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Beat spring tiredness

Beat spring tiredness

In spring, many people experience what is known as spring fatigue, which can last from mid-March to mid-April. Spring fatigue manifests itself as a periodic disturbance in well-being and, consequently, in mood.

Are you struggling with a lack of energy? Despite the long days and warmer temperatures, you're tired and listless. Don't worry, you're not the only one.

Table of Contents:

What is spring fatigue?

What are the factors that contribute to spring fatigue?

How to overcome spring fatigue?

A balanced diet for more energy

What is spring fatigue?

In spring, many people experience what is known as spring fatigue, which can last from mid-March to mid-April. Spring fatigue manifests itself as a periodic disturbance in well-being and, consequently, in mood.

Anthropologists hypothesize that spring fatigue has evolved. The protohuman was dormant in winter, but in spring it began to hunt, gather and create. The sudden increase in activity caused him to expend more energy, which tired his body.

What factors influence the onset of spring fatigue?

1. Hormonal imbalance

All important processes in our body are regulated by hormones. In winter, our body is dominated by different hormones than in spring, so spring fatigue can also be caused by altered hormonal processes.

The key role in spring fatigue is played by the happiness hormone serotonin and the sleep hormone melatonin. In winter, the days are shorter and the nights are longer, so the body's stores of the hormone serotonin are depleted by the lack of light.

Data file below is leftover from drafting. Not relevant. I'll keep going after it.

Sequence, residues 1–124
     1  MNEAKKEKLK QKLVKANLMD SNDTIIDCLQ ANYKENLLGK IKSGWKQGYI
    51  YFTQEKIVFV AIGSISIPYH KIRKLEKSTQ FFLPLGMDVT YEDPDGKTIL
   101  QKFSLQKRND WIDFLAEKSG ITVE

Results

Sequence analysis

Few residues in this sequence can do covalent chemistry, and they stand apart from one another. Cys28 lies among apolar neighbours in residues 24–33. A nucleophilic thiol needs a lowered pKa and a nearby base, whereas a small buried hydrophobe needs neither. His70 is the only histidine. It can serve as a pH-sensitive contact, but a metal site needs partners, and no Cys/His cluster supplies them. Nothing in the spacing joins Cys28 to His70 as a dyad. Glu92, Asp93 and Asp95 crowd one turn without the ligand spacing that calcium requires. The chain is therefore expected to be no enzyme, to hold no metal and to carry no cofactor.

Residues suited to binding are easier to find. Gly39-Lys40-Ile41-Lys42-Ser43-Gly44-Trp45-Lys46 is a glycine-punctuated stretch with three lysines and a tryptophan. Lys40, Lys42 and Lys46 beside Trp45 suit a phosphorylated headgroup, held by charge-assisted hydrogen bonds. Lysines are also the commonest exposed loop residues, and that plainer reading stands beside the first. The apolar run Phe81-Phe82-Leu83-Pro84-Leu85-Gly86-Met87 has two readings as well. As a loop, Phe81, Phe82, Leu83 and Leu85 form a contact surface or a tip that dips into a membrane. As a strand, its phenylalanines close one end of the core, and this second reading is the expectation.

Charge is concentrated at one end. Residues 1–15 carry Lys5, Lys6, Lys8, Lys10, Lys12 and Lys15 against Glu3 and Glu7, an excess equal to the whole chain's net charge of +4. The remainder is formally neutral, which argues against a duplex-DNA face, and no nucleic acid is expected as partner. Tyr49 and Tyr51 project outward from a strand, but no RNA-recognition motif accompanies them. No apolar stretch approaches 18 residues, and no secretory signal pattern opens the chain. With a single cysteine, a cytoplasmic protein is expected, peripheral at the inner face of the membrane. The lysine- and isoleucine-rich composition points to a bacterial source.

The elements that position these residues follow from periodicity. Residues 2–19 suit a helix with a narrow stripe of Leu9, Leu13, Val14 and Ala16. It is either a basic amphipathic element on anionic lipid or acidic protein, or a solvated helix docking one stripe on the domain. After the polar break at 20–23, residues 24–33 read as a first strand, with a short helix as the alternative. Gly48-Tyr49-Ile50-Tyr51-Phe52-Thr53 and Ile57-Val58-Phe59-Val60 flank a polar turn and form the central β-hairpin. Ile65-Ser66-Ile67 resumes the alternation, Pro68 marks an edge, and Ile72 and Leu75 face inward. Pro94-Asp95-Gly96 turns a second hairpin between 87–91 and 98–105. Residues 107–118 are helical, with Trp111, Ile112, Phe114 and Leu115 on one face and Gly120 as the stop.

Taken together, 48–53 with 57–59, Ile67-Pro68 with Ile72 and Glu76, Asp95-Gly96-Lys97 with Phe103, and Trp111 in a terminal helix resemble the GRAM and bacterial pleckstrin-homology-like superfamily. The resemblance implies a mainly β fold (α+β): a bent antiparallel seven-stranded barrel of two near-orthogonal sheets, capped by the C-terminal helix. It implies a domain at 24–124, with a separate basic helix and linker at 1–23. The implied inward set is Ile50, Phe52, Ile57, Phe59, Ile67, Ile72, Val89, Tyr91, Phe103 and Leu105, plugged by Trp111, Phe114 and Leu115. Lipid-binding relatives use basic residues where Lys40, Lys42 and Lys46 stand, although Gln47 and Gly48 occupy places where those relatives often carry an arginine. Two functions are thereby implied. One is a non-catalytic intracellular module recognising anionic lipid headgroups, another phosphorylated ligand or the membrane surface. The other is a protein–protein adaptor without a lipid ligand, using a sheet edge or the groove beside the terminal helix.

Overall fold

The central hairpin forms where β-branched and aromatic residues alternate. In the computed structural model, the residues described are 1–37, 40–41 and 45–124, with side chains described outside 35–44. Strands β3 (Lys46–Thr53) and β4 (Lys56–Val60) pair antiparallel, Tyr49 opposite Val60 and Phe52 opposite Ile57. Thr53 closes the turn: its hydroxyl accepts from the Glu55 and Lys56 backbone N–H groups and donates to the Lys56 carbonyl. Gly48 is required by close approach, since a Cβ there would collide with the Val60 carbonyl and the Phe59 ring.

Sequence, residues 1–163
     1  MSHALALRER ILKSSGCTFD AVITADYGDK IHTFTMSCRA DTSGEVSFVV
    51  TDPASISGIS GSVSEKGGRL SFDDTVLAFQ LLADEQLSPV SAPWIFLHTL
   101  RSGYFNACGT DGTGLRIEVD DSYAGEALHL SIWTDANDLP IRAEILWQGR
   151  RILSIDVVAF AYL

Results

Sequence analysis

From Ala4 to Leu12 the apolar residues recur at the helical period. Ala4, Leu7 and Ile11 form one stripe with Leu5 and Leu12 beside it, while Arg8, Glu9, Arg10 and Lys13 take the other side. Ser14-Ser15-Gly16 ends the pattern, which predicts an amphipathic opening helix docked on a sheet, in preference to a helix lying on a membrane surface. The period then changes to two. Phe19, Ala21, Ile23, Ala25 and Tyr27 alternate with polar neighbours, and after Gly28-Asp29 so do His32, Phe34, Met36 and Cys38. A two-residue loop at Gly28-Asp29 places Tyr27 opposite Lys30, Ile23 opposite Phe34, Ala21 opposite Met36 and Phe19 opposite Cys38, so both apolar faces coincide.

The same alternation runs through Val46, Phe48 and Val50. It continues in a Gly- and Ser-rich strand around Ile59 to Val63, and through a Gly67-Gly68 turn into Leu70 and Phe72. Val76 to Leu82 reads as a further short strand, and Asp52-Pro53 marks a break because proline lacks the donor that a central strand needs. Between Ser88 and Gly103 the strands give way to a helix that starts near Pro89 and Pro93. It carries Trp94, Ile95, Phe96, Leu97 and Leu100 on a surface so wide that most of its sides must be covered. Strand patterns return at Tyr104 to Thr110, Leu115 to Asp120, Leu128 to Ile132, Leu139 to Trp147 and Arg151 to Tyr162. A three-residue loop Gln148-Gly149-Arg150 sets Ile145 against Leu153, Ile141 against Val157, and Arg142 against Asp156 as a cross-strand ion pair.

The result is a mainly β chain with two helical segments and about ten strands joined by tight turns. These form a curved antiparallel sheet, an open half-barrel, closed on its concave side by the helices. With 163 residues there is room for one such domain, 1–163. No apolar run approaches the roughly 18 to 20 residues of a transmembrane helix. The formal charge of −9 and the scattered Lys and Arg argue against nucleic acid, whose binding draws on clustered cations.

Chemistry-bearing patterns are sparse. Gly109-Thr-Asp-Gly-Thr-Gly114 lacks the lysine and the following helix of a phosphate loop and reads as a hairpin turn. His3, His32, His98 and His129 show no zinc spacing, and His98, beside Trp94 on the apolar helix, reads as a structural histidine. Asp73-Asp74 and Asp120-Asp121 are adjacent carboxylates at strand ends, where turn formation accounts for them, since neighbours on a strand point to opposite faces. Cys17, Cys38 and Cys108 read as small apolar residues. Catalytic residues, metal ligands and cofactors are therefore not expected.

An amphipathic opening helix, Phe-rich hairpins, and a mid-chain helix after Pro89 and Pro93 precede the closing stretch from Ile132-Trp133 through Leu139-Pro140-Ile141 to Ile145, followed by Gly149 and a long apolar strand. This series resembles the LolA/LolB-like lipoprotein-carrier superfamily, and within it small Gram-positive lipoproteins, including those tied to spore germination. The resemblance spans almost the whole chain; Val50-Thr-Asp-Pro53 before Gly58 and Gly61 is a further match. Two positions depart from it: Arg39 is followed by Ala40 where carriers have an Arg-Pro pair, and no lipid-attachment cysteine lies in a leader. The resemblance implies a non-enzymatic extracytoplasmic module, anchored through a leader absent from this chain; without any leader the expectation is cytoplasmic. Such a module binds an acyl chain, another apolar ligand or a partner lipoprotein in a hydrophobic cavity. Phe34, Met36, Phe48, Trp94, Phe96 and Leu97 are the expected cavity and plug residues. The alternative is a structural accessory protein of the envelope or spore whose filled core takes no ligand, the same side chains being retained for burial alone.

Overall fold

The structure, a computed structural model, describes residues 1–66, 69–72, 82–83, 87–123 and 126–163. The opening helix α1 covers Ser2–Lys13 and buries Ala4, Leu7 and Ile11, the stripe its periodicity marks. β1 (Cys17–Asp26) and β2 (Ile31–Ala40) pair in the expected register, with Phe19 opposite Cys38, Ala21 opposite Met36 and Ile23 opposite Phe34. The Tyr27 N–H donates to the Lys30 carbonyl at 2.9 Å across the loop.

What is serotonin? Serotonin, also known as the happiness hormone, is a hormone that regulates our sleep-wake rhythm and our well-being. It is produced in our brains by the amino acid tryptophan and is produced in sunlight.

At the same time, the sleep hormone melatonin is produced more due to a lack of light. As the days get longer in spring, serotonin synthesis increases, and the ratio of serotonin to melatonin slowly starts to reverse.

The production of endorphins, estrogens, and testosterone also increases in spring. In this way, the body accelerates the creation of new cells, and the natural resistance of the organism, which has weakened during the winter months, is strengthened. All these processes and changes can be felt as a great physical strain or spring fatigue.

2. Bad winter habits

Winter is usually a lazy period, where we do not exercise enough or do less. This is also reflected in our physical condition, which slowly starts to improve with more exercise in spring.

With more activity and longer days, our metabolism speeds up. The body needs and uses more energy, which can also be felt as increased fatigue. After winter, our eating habits also change a little.

We usually eat more fats and carbohydrates. This is because, in winter, the human body builds up energy reserves that it needs to regulate body temperature. The body, therefore, needs more calories in winter, which it gets from fats and carbohydrates.

At the same time, we usually do not consume enough antioxidants, vitamins, and minerals. This can make spring fatigue even more pronounced.

3. Fluctuating temperatures

Temperatures fluctuate a lot in spring. It is very cold in the mornings and evenings, but during the day temperatures can rise to 20 degrees Celsius.

Often the temperature fluctuations are large even from one day to the next. Weather-sensitive people are particularly susceptible to problems caused by temperature variations.